The last says of August always feel like the last days of summer, even if they aren’t. The real end is my birthday, the first day of fall or autumn, but the last days of summer really are the last days of August.
These days appear and people return to activities with a renewed sense of energy, maybe fueled by long days spent in the sun, their bodies bronzed or reddened, but the energy of having rested. There are kids practicing football at the park again, teams formed over the summer months, now ready for the action of fall days spent in warm sunshine and cool breezes. At restaurants, a shift towards more red wine, a meal that feels substantial, appetites return along with the end of summer. There are a few leaves that have already fallen, and the corn, most of it, is ready for harvest soon. The wheat left weeks ago, and the poplar trees are starting their early shift towards yellow. All this will subside soon, and the Alps will once again have snow on the peaks, early snow, for while those of us in the valley appreciate the new perspective, but for those living there, only signal a long winter ahead.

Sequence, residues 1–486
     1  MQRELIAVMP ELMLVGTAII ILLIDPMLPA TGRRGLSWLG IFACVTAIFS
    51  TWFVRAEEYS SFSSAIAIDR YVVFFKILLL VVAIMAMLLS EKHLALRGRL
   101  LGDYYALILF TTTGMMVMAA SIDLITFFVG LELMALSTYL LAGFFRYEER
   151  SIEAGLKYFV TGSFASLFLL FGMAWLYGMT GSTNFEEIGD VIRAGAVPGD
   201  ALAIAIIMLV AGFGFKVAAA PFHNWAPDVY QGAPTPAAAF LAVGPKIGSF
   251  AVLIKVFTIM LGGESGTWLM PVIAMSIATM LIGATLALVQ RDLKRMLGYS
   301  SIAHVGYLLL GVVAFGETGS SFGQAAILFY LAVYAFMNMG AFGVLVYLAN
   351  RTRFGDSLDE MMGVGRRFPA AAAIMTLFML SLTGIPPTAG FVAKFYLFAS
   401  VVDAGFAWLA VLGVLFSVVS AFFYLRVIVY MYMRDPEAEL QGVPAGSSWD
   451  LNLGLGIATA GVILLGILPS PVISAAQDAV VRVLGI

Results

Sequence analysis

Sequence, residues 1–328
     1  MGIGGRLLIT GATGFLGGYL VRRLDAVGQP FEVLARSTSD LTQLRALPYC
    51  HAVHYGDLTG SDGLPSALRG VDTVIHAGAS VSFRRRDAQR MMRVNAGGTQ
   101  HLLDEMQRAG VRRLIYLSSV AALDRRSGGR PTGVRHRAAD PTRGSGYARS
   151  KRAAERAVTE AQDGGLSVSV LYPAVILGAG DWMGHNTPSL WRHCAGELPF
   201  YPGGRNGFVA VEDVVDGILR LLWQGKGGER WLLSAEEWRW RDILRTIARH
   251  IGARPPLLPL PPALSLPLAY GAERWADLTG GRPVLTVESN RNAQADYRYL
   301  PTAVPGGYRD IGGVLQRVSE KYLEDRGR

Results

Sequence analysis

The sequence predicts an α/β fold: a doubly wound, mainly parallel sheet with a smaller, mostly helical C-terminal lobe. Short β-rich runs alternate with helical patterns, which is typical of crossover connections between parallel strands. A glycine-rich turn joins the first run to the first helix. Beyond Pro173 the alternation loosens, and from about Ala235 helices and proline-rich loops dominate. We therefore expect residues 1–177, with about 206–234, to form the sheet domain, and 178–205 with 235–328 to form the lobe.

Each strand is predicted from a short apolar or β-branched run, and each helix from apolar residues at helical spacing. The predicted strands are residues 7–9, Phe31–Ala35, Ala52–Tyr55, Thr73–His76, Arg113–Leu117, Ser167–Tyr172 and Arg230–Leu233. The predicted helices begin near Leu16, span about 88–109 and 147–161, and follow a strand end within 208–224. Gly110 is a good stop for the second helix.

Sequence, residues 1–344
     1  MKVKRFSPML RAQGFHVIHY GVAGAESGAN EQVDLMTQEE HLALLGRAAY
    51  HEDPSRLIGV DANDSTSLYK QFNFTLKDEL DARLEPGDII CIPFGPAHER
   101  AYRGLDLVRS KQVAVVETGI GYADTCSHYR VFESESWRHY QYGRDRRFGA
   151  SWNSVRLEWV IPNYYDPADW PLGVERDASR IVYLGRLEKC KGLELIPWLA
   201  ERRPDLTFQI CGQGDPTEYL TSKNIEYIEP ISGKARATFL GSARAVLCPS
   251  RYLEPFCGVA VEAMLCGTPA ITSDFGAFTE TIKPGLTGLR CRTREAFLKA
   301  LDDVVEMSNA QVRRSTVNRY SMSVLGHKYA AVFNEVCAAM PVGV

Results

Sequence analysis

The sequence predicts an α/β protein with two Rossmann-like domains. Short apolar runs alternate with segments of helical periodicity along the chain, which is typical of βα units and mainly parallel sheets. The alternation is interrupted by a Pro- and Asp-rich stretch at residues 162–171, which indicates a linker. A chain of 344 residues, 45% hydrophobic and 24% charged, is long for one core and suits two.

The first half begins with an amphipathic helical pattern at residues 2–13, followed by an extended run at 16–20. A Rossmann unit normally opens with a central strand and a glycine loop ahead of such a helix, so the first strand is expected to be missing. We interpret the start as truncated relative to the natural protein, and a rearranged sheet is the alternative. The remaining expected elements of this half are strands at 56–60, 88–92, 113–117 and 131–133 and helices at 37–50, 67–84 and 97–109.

Down at the market, it is bursting with the beauties of the cross over season. The tomatoes are still plentifuly and ripe as anything. The last of the peaches cross over with the mid-season plums, green gauges, and the first grapes from the vine. There are pepperoni a plenty, in shades of red green and yellow and the shift from summer salads towards the first pumpkins, which always signal the beginning of things roasted. Potatoes are good now. So is the garlic, it’s all dry, bound at the top with string. Soon, walnuts, and the first small sweet pears appear along with the early fall apples, which sustain us until past springtime, when we start the entire process again with the strawberries.
The last days of summer signal newness, rebirth, growth, movement, energy, fruition, and it’s a quick slide now to the winter holidays. Without the summer rest, the energy of the sun and the heat, the naps and the late dinners, without those things, life feels small, tired, shallow and stagnant. While we work away then, with our renewed sense of purpose or thought, our energy takes new forms, and once again, life continues no matter how hard, long, short, empty, lonely, or worthy. The edge of our senses, the smell of smoke, the crunch of leaves. Just when you think you’re not ready, you are, or, the slow fade into the dark months feels right somehow.